Kcals in food is under estimated.
Kcals in exercise way way overated.
How else do I run 70 mile weeks, work gardens all day on less than 2500 kcal/day.
And gain weight?
Depends on how you count your kcals I only eat things in packets. So presuming they're correct I know exactly how many kcals I consume in a day. How many I use is obviously another matter, in truth I've no idea Sport tracks logs my weekly running as somewhere between 2600 kcas (~20 miles a week) to 5900 kcals (~44 miles a week) - over the last month, marathon training longest week and recovery week.
Jason Wintin wrote (see)
Listen to your body. I know it's hard as you've said but really? Has your dis-ordered eating started all this counting? How is 1700kcal enough?? Sounds like your majorly under eating to start with!! Then you add running into the mix!!
Jason, i'm a 5' 10" male, I eat ~2000 kcals a day, I add no extra for running, many Sundays I use more kcals than I eat. Some weeks I lose nothing, most around 1lb. Every calculator on the net says my basal metabolic rate (estimated obviously) is 2000 kcals so this is the amount I eat to lose weight.
If you were overweight and trying to lose the excess, then yes, eating all of the extra 800 calories you'd just exercised off would be a bit over-indulgent, as it would slow down your progress towards your weight-loss goal. But from what you've posted here and elsewhere, you're not trying to lose weight, are you?
If you're trying to maintain a healthy weight or gain a bit to get you up to one, I'd say try to eat all the calories you're supposed to. Not by doing a 10 mile run then trying to take in your normal meal plus the extra 800 calories in one go, but if you have a rough training plan for the week you could try to schedule in the extra calories the same way you plan ahead for a run. I think adjusting your weekly calorie intake to cover your mileage is a more sensible and steady way of eating than doing a huge run then stuffing yourself afterwards.
If you know you're going to do a 10 mile run on Wednesday evening, you could add 200 cals on Tuesday night, 200 cals with breakfast on Wednesday morning or as a mid-morning snack, 200 cals for refuelling immediately after the run then you'd just have to add another 200 cals on to your evening meal. That would be an easier way to take in the extra nutrition you need and would probably not feel as obviously greedy or indulgent. Though really those terms and feelings have no place in your training diet, as emotional attitudes to food intake are probably something you want to move away from. Just think of your body as an engine you're fuelling, and the food as petrol. If you drive your car an extra 100 miles you don't think of it as being greedy for burning more fuel and needing refilled, do you?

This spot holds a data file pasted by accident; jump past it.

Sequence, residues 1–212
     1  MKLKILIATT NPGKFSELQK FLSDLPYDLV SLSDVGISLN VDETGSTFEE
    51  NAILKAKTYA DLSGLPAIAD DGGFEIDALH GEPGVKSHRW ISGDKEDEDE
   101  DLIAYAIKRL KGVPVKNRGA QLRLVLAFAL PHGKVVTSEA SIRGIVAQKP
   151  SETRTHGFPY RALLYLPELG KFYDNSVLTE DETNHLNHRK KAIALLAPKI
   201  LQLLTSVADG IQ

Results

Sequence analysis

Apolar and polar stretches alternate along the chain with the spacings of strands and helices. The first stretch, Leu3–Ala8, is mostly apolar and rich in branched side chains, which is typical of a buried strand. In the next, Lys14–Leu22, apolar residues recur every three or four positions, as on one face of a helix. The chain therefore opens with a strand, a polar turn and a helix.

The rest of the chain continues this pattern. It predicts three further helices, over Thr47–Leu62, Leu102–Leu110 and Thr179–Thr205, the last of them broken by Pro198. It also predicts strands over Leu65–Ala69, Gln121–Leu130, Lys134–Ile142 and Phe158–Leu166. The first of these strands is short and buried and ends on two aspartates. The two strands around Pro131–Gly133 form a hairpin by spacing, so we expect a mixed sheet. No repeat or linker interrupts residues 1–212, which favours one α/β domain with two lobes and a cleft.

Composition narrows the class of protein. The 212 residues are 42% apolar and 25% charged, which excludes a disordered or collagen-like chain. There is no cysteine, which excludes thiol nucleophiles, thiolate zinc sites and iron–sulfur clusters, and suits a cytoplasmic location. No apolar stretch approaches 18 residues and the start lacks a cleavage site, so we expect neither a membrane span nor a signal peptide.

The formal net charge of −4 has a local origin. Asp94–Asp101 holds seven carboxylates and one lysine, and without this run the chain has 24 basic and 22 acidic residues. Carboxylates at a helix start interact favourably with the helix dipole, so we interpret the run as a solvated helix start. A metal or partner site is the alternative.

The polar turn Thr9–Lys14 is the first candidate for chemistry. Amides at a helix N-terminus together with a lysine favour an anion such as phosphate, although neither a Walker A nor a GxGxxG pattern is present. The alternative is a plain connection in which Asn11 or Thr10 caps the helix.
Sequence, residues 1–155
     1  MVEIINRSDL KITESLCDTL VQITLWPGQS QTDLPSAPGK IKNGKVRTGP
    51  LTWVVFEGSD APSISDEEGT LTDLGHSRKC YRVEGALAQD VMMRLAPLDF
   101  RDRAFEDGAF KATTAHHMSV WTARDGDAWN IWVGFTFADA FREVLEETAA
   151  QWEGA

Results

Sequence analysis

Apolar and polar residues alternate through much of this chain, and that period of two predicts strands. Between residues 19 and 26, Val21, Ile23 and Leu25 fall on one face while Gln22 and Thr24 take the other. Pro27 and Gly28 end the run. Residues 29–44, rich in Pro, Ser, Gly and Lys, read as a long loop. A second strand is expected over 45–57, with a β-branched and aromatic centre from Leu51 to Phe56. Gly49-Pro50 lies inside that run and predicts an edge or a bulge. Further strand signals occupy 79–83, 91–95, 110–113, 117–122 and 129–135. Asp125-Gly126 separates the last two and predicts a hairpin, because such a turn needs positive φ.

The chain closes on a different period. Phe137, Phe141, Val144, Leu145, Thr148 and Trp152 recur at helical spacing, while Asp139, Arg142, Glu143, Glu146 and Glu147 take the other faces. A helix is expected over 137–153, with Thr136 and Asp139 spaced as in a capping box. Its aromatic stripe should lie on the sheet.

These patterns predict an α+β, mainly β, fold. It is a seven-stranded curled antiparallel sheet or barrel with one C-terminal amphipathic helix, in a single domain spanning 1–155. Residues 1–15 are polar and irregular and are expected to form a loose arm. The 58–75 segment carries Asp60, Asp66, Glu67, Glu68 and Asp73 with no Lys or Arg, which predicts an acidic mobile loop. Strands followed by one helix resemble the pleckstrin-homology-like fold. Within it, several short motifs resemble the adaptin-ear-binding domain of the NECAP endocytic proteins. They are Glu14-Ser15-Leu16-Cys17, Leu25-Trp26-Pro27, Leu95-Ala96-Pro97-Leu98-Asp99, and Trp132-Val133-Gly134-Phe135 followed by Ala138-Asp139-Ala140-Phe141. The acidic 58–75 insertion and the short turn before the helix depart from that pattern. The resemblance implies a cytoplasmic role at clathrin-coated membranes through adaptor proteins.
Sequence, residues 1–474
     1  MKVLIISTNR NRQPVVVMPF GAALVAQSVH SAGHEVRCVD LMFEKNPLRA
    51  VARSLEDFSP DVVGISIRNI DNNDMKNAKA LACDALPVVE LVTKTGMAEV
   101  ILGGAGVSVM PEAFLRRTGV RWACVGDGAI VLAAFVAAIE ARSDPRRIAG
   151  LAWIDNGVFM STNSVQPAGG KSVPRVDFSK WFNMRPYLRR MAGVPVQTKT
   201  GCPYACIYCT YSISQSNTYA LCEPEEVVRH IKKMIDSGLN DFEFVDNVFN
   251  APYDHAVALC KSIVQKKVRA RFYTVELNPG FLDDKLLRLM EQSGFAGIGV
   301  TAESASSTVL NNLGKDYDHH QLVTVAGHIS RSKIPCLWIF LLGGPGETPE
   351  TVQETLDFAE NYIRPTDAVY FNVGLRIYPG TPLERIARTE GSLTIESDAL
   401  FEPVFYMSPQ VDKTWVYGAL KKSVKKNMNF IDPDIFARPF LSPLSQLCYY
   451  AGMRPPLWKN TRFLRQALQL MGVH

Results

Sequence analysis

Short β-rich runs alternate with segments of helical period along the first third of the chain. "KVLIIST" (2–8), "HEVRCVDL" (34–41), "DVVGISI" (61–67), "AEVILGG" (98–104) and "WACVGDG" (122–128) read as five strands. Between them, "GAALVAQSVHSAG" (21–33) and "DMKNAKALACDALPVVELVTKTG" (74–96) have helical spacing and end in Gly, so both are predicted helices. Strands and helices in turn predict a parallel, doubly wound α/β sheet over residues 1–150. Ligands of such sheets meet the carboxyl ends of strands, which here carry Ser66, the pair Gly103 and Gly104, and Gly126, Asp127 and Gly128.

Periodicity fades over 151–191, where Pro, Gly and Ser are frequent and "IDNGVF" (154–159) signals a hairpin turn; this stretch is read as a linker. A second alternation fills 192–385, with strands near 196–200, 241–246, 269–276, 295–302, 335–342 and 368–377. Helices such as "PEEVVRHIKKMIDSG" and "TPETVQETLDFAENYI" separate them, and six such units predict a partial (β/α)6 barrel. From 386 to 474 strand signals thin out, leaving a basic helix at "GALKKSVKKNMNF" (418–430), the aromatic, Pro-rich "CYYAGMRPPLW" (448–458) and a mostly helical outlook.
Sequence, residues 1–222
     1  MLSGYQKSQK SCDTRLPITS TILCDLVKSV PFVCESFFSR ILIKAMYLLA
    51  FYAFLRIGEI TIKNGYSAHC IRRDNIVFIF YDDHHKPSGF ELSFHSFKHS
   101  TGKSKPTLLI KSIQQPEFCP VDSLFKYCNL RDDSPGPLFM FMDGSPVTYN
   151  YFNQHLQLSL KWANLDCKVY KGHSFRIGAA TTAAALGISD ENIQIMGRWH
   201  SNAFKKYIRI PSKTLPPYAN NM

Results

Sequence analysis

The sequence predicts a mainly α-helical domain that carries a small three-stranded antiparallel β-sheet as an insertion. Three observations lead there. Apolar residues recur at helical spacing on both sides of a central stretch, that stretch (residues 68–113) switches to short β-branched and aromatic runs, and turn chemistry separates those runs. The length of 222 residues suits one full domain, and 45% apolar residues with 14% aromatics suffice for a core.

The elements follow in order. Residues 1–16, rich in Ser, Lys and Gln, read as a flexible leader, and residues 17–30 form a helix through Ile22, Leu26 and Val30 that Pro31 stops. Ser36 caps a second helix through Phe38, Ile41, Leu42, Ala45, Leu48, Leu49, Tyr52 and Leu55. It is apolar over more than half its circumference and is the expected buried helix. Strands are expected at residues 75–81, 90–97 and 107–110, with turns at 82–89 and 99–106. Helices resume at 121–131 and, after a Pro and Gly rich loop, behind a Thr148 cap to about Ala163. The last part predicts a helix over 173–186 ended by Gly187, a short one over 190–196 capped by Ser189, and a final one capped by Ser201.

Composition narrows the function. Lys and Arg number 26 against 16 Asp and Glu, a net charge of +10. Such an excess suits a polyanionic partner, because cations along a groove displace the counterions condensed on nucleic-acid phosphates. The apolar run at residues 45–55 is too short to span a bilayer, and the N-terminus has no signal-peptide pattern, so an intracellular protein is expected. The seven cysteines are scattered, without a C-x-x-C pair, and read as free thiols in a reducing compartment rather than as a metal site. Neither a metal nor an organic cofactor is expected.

And if after a few weeks of eating to refuel, you find you are gaining weight, you can adjust your per mile calorie allowance down the way a bit until you find what works.
every forum topic you have started summerrain is about food or eating dis-orders?sounds like you havent really got over your disorder and food is still playing a big part of your anxiety?is it just me that can see this?
yeah im abit un educated when it comes to eating dis-orders.
i always watch the programs and just shout at the t.v and say 'well just eat some more...duh'
How have you arrived at 80kCal a mile for running? The best formula I've seen is 1.1xWeight(kg)xDistance(km). 80kCal would put you at 45kg or 7st. At 5'3" that gives you a BMI of 17.4, underweight by at least 6lbs for a normal person. If you're an athlete you can expect to have a higher BMI than normal and still be the right weight. My BMI says I'm 2lbs overweight and I still look thin!
It depends on how that BMR of 1700 was calculated really. I don't know how it was arrived at or how old you are but I stuck 30 into BMR calculator and it came up with 1297 then you multiply it up depending on your lifestyle. So guessing at moderate exercise levels (running 3-5 times a week) x1.55 gets you up to 2010.
You don't need to add any more on a daily basis to compensate for a 10mile run as it's included in moderate exercise level.
Alternatively you could go for sedentary x1.2 gets you up to 1500. Then add each run you do. But I think you should be looking at least 90kCal a mile, and it doesn't take into account that you burn calories at a faster rate rebuilding after a run. So you will probably start losing weight doing that.
It's all a very rough guide for a starting point anyway. You don't suddenly lose loads of weight or suddenly gain loads of weight, it takes weeks. So carry on as you are and if you start losing weight or start having dizzy spells; eat more.
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